A Marketing Case Study: Earth Day 50 Years Later
KARL R. LAPAN, PRESIDENT AND CEO OF THE NIIC
Image by OpenClipart-Vectors from Pixabay
World Earth Day is Monday, April 22. Each year, the world’s largest environmental movement unites people from nearly 200 countries. According to the Earth Day organization, “Earth Day broadens the base of support for environmental programs, rekindles public commitment and builds community activism around the world through a broad range of events and activities.”
While I am not debating the efficacy of this movement or its political underpinnings, I am using this example as a good case study for the power of cause marketing. To understand its success, consider the backdrop of the late 1960s. When anti-war activist John McConnell proposed the day of recognition and action in 1969, Americans were just starting to embrace environmentalism for the first time. It’s no coincidence that a 1971 “Keep America Beautiful” ad took off, which further advanced the ideas behind conservation into the public sphere.
The timing for this movement was fortuitous. With much of the country was divided over the Vietnam War, Americans needed something to bring them together. Earth Day, a non-partisan cause, served that purpose. Republicans, Democrats, city dwellers, rural residents, and the rich and poor alike were drawn to the message. It worked. There was something for everybody.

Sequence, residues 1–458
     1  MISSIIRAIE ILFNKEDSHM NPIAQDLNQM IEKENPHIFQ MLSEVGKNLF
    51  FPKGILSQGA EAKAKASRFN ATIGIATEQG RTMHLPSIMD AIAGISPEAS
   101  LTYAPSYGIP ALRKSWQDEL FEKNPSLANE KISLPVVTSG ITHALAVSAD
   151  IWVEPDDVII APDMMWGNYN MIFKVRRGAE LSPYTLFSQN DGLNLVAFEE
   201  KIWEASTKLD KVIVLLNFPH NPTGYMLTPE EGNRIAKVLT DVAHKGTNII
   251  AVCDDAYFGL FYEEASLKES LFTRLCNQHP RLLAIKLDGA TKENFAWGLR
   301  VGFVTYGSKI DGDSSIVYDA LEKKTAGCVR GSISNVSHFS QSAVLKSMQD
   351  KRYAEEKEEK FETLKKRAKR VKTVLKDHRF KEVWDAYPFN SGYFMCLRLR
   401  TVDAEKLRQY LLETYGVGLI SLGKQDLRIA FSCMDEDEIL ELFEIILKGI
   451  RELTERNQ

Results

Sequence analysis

Earth Day also proved to be convenient for environmental groups to advocate and align with – whether curbing emissions, cleaning up waterways or advocating for less dependence on oil, organizations found that Earth Day fit their ethos—and they capitalized on it.
So, the lesson here? Earth Day resonated with people because it was broad but specific at the same time. The idea behind Earth Day is inspirational and inclusive, and that’s why it has staying power. Earth Day is now a global event each year, and the organization believes that more than a billion people and organizations in 192 countries now take part in various activities.
This now-50 year campaign has stood the test of time because of the way it was created, packaged, and sold. Organization of all types can learn a lesson or two from the Earth Day movement. Key lessons learned:
Evolve with the times. While clean water was and is essential, the original organizers likely did not imagine a time with electric cars.
As the attitudes and needs of consumers change, so should brands. Earth Day has found a way to keep people engaged even as times and technology change.
So regardless of whether your brand is “green” or not, how can you find a way to draw people in to a movement that inspires and is inclusive?